Markets fall as Greece risks euro exit with 'no' vote

What's next for Greece after a 'no' vote?
What's next for Greece after a 'no' vote?

Markets are sliding following Greece's historic "no" vote, but uncertainty about what happens next is keeping losses in check.

Global stocks sank after Greek voters said "no" to Europe's latest bailout offer by a big margin in a referendum on Sunday, backing their left-wing prime minister's call to reject austerity. The result takes Greece a step closer to leaving the euro, analysts say.

In Europe, Germany's DAX lost 1.4% and France's CAC index tumbled 1.6% in early trading. U.S. stock futures were weaker.

There's was more red on screens across Asia. Japan's benchmark Nikkei index closed down 2.2%, while Seoul's KOSPI Composite lost 2.4% and Australia's ASX All Ordinaries ended 1.2% lower.

Related: China stocks volatile as Beijing acts to avoid crash

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The reaction in currency and bond markets was more subdued. After falling about 1%, the euro stabilized against the U.S. dollar to trade at $1.10.

Bonds issued by Spain and Portugal, which have emerged only recently from their own painful bailout programs, took a modest hit. But Germany's 10-year bond, seen as a safe haven for investors, was in demand.

Greece believes the vote against more austerity will give it a stronger negotiating position with its European creditors. It's unclear whether Europe or the International Monetary Fund will restart formal negotiations.

One potential hurdle was removed when Yanis Varoufakis resigned as Greek finance minister Monday, saying he wanted to help smooth the path to an agreement.

"While the players have changed, the facts haven't," CMC Markets analyst Michael Hewson said. "We're not fundamentally further on than we were on Friday."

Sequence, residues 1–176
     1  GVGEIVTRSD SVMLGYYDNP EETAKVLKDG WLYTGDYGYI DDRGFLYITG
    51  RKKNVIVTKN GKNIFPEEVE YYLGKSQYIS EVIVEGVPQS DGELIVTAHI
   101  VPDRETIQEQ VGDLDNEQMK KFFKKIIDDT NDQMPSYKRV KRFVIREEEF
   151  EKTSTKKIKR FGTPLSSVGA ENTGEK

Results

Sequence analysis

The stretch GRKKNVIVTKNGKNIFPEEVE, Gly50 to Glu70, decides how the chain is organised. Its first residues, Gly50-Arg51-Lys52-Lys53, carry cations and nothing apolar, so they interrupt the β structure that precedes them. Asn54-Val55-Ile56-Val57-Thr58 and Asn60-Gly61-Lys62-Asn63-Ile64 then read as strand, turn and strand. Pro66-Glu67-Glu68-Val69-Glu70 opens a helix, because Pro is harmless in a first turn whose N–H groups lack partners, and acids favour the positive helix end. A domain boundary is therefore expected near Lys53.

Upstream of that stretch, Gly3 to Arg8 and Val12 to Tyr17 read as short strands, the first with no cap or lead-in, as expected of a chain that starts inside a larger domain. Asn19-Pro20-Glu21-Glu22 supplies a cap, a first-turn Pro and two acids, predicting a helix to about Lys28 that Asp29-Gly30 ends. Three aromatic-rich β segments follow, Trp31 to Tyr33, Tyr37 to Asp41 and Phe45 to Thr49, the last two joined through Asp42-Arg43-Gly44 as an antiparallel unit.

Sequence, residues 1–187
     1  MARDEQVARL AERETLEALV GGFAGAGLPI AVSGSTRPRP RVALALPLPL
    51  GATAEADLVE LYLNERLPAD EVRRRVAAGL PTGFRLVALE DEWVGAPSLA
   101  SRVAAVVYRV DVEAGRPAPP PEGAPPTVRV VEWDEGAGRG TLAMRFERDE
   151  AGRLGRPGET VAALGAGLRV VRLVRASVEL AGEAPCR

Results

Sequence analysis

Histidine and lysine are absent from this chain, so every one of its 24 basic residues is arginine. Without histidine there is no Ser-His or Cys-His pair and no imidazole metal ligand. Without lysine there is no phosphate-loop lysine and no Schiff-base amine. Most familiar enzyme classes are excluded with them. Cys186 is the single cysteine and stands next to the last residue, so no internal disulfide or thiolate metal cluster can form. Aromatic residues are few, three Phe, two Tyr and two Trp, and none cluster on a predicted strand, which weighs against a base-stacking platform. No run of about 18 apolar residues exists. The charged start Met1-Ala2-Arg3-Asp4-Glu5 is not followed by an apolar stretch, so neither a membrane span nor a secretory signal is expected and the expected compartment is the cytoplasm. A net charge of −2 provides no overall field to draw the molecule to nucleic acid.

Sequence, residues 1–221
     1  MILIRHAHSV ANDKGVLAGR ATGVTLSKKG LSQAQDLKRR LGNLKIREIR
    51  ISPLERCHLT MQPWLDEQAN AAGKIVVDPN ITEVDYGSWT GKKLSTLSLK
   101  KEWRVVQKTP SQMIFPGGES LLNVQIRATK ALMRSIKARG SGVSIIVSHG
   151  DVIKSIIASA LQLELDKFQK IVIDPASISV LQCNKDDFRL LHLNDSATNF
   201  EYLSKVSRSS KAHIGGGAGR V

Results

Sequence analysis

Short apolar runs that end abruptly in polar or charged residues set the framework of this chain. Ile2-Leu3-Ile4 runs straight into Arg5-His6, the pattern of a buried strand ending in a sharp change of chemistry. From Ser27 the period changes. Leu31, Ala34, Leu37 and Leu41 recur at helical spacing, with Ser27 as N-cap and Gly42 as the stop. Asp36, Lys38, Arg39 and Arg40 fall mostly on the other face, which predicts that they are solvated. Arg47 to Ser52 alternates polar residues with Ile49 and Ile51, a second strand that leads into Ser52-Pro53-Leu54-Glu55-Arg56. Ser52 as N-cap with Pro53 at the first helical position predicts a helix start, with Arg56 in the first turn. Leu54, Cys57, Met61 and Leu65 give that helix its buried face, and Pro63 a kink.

Investors were waiting on the outcome of a key decision from the European Central Bank on whether to keep up support to Greece's cash-strapped banks. The ECB meets later Monday.

Hewson said until the ECB moves one way or another, trading in currency and bond markets will remain subdued.

Related: What 'No' vote means for Greece and Europe

The vote could trigger a series of events that lead to Greece becoming the first country to leave the euro.

Here's why: Greece is on the brink of going bust. It urgently needs money to pay pensions and wages, and to reopen its banks -- shut for a week already after talks with its creditors collapsed.

If Europe isn't prepared to relax the terms it was offering Greece just last weekend, and there's no indication it will, Greece will have to start printing its own currency soon.

On the other hand, if Europe compromises and agrees to write off some of Greece's huge debt, the credibility of the currency will suffer.

"Whatever the outcome of the next few days, there is no way that the eurozone or the single currency can come out stronger as a result," said Simon Smith at FxPro.

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Related: The Greek crisis in 2 minutes

The risk of fallout from Greece's collapse directly hurting other European countries is relatively small. Most of its debt is held by governments who could cope with default.

But it will take the eurozone -- the bloc of 19 nations that use the euro -- into uncharted waters.

It also sets a bad precedent. Membership in the euro was supposed to be a one-way street. In fact, there's no rule book to manage a member country going bust and crashing out.

It's hard to imagine any other country choosing to follow Greece into the economic abyss, but some weaker eurozone economies may pay the price in permanently higher borrowing costs if a 'Grexit' materializes.

Related: Central banks prepare for the worst

The uncertainty of the next few months could also weigh on European business confidence at a tricky time. The eurozone economy (except Greece) is recovering nicely, but investors are worried about the impact a slowdown in China will have on exports.

Central banks have been preparing for the worst. The ECB unveiled a significant new weapon in its armory last week, when it said it may buy the bonds of a number of companies in vulnerable eurozone countries such as Italy, Portugal and Spain as part of its massive stimulus program.

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